ol.snap_nav li a {
 font-weight: bold;
}

ol.snap_nav li.snap_selected a {
 font-weight: normal;
 font-size: 20px;
 text-decoration: none;
 color : #003399;
}

Step 4

Now that the glossary is all setup, a few final tweaks. If I add a new term to the glossary category, I don’t want it appearing in the front page blog nor in the rss feeds. I looked around to find a way of omitting a certain category from the front page, and although there were a few plugins available, I found this an overkill for this one-off implementation. I finally found some code that can be used. All you need to do is add the following code anywhere in the theme functions.php file.

/* Exclude Category from Main Page and RSS Feeds. Used for Glossary(ID=13) Category. */
function myFilter($query) {
	if ($query->is_feed || $query->is_home) {
		$query->set('cat','-13');
	}

return $query;
}

add_filter('pre_get_posts','myFilter');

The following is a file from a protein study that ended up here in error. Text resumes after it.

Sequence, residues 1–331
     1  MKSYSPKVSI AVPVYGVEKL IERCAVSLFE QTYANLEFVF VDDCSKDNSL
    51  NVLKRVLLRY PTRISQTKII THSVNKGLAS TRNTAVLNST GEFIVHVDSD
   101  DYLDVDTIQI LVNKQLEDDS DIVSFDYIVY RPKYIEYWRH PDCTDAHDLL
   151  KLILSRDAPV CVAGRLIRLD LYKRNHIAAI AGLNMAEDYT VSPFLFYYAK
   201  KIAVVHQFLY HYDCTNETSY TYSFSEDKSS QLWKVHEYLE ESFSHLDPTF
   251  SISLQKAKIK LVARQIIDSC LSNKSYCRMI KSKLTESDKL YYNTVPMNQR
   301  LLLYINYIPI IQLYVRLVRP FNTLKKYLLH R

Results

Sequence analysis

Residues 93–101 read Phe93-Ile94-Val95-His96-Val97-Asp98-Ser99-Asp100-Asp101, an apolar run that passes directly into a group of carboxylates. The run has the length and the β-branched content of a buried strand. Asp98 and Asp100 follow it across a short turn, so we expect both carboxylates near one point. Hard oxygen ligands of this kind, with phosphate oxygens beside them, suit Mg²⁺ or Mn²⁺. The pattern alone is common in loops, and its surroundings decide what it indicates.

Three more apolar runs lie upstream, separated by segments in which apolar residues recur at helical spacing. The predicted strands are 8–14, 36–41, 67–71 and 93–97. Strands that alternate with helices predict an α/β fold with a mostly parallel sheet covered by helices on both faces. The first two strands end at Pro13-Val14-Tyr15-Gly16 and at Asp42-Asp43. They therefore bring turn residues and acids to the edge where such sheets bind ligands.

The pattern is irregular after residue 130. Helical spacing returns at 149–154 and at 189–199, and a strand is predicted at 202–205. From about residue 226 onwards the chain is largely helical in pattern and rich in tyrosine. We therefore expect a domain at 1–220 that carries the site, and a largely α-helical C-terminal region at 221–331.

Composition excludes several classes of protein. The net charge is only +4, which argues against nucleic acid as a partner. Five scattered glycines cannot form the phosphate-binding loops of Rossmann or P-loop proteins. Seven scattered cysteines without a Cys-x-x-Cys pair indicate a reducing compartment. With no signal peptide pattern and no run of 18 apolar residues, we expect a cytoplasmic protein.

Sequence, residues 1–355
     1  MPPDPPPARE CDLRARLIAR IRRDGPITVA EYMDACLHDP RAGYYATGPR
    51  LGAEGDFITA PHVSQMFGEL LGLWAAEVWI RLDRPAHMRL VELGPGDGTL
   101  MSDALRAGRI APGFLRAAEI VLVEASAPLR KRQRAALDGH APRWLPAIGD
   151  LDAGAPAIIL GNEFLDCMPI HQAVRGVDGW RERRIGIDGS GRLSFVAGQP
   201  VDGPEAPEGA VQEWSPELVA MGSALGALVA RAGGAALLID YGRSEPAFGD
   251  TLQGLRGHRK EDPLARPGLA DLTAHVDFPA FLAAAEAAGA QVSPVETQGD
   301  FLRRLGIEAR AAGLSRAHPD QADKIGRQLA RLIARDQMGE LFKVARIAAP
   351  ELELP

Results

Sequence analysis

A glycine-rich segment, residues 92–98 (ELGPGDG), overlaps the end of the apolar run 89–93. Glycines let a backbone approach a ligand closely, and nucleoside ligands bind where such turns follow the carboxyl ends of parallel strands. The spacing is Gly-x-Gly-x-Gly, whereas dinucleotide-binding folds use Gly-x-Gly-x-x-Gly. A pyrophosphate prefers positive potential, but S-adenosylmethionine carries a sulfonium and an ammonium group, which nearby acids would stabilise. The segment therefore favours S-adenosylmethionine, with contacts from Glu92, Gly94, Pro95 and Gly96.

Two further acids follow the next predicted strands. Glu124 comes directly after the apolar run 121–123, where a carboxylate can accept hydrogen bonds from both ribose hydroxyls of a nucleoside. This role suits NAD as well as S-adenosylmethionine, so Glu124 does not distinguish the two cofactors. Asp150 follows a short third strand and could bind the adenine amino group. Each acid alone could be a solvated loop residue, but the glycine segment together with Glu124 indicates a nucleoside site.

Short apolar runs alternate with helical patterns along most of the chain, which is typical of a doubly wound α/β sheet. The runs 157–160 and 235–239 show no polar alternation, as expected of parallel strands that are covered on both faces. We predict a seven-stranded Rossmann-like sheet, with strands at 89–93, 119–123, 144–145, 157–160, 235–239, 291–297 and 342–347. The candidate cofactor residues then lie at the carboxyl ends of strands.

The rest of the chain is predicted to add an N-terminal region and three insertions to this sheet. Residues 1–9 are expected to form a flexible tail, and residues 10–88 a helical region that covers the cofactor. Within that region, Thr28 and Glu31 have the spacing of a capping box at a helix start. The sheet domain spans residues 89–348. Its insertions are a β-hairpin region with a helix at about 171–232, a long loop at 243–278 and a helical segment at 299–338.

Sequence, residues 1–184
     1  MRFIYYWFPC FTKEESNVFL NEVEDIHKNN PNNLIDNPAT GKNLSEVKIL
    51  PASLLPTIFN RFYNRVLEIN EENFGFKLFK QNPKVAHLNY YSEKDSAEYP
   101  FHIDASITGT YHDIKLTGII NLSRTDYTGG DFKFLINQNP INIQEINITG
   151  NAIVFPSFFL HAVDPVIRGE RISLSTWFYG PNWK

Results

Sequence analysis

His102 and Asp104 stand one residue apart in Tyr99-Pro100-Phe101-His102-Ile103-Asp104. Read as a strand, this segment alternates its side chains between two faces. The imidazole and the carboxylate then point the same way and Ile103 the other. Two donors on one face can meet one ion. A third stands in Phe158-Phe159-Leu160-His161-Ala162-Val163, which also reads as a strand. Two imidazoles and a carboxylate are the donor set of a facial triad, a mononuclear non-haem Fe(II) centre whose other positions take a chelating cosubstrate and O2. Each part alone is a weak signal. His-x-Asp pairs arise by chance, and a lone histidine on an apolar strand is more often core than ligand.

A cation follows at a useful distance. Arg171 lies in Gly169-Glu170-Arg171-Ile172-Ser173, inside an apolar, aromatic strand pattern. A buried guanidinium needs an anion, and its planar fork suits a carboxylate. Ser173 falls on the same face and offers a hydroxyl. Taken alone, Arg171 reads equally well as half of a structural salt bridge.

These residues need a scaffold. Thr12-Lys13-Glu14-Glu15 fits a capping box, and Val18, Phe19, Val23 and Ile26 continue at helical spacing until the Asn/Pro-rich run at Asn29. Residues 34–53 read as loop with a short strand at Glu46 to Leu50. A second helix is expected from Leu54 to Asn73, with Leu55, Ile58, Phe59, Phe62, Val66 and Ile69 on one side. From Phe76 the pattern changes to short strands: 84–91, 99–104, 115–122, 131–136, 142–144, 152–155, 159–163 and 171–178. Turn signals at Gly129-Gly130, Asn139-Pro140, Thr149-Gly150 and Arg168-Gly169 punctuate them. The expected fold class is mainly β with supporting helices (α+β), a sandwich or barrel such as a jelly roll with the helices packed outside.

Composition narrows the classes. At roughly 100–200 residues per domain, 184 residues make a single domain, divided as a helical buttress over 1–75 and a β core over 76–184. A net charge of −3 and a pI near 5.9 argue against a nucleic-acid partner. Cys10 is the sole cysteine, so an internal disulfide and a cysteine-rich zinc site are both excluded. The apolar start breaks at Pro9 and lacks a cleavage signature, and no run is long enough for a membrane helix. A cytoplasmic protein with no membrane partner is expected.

The code example above excludes the glossary category (13) from the RSS feed and main page. If you want to exclude multiple categories, simply add a comma (,) and a dash (-) followed by the category ID e.g. ‘-5,-6,-7′.

Step 5

So far so good. I now wanted the glossary link to appear as a page, i.e. I wanted it to look like a page and have the link at the top where my WordPress pages lived. There were several options available, all using various plugins or required creating pseudo pages and linking it back to a category, all of which looked to messy for me. So instead, I just modified my themes header.php file and created a physical link to the category page. I inserted the following code, just after the code for WordPress page links

<ul>
 <li><a href="<?php echo get_option('home'); ?>/">Home</a></li>
 <li>
  <?php wp_list_pages('title_li=&depth=1'); ?>
 </li>
 <li><a class="" href="http://blog.grapii.com/?cat=13"><span>Glossary</span></a></li>
</ul>

Step 6

Finally, as I had the glossary category as a page link, I wanted to hide the glossary category from the category widget. Once again, plenty of plugins available, but for me again this was an overkill. Having searched various forums I came across the best way to achieve this. This solution requires changes to the WordPress core file widgets.php. I know this is not ideal, and if I upgrade to the next version of WordPress I’d loose my changes, but hey, that’s what this article is for, so I can recreate the glossary fairly easy.

Find this line in /wp-includes/widgets.php